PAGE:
Really, really excited:
Christie cozied up to Cowboys owner Jerry Jones Sunday in his private box in Texas. When Big D clinched its victory over the Detroit Lions, Christie initiated a double high five, but Jones left him hanging, so Christie decided to get in on a high-profile three-person hug instead.
His constituents, mostly Eagles, Giants and Jets fans, weren’t too pleased.
Christie’s devotion to what has been called “America’s Team” has caught him some flak over the years, but he’s not the only politician whose athletic allegiances have made them the brunt of some serious trash talk.
Former New York City Mayor Michael Bloomberg, raised in Medford, Massachusetts, didn’t do himself any favors when he admitted to rooting for one of the Yankee’s most bitter rivals, the Boston Red Sox.
His first faux pas came during his campaign in 2001: When asked whether he was a Mets or Yankees fan, Bloomberg answered, unabashed, “I grew up in Boston, sir.”
Some in the crowd actually hissed, according to the New York Daily News. Bloomberg’s retort: “I didn’t say anything else! I just pointed out where I grew up!”
But by 2003, the mayor was rooting for the home team, declaring he was backing the Yankees over the Red Sox when the two teams faced each other in the American League playoff series that year. (The Yankees went on to win the World Series).
Coincidentally, Bloomberg’s successor, current Mayor Bill de Blasio, also happens to have a “deep devotion” for the Sox. Though it didn’t cost him City Hall, it did cost him some enthusiasm from New Yorkers.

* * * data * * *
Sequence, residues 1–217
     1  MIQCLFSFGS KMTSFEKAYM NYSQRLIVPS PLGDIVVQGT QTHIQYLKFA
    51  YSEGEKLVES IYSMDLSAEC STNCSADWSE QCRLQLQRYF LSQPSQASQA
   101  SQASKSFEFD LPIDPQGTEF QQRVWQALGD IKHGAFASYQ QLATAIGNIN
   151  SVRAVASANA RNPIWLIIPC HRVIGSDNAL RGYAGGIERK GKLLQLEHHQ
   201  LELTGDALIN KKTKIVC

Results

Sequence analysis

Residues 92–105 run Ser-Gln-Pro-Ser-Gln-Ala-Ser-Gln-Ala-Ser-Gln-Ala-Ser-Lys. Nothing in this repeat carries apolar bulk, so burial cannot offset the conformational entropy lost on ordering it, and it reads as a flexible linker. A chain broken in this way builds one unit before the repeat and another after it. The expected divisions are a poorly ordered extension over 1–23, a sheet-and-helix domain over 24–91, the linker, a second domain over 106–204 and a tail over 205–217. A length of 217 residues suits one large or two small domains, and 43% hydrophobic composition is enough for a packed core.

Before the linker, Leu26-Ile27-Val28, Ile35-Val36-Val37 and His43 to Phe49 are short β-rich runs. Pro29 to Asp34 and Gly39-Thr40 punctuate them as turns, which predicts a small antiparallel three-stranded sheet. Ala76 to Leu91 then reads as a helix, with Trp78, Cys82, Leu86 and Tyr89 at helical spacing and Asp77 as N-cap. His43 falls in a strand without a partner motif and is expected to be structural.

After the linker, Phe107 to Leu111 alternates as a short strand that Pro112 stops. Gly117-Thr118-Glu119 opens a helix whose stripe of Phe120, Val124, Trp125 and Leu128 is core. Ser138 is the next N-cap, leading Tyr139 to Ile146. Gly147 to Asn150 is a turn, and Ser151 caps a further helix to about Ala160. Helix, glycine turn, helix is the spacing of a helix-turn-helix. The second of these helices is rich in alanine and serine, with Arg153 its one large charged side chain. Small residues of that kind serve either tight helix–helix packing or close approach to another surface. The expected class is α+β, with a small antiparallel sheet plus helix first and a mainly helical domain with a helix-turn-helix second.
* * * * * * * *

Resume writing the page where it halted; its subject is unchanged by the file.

Just days after she announced she had formed an exploratory committee, the then-first lady hosted the Pinstripes at the White House.
Her political rival, New York City Mayor Rudy Giuliani (a noted Yankee fan) responded with a jab:
“Funny,” he said. “I haven’t seen her at a Yankee game.”
(Just eight years later, during his failed presidential campaign, Giuliani also flip-flopped, from the Yankees to the Sox, on the eve of the World Series.)
But Christie scores points for consistency. It appears he has never considered abandoning his favorite team. He even used Clinton’s about-face to defend his Cowboys fandom.
“I'm not going to be Hillary Clinton, OK? I'm not going to, you know, be a Cubs fan my whole life, and then when I go to run for office in another state, pretend I'm a Yankee fan,” he said in 2013. “I don't think there's anything in sports more reprehensible than that.
“You got to stick with the team you rooted for as a kid,” he added. “Especially a politician, you don't change it for political reasons.”
(To be fair, Clinton, who claimed she had “always been a Yankees fan,” was photographed in a Yankees cap eight years before her first campaign.)
As much as sports-fans-turned-politicians might be loath to admit it, a candidate’s athletic preferences -- or lack thereof -- can have a huge impact on their chances.
In 2010, Massachusetts Senate candidate Martha Coakley was roundly mocked for suggesting that former Red Sox pitcher Curt Schilling was a Yankee fan. The New York Times even questioned whether her outcome could “hinge on a sports gaffe.”
But for critics who take these things too seriously, Christie’s brother has some advice:
“To all of those non Cowboy fans who have their panties in a ringer because the Governor of NJ is a cowboys fan ---GET A LIFE !!!” Todd Christie wrote in a Facebook diatribe Sunday night. “Eagles fans---possibly you should worry more about the fact that your sorry ass team has never won a Super Bowl and less about who’s rooting for which team.”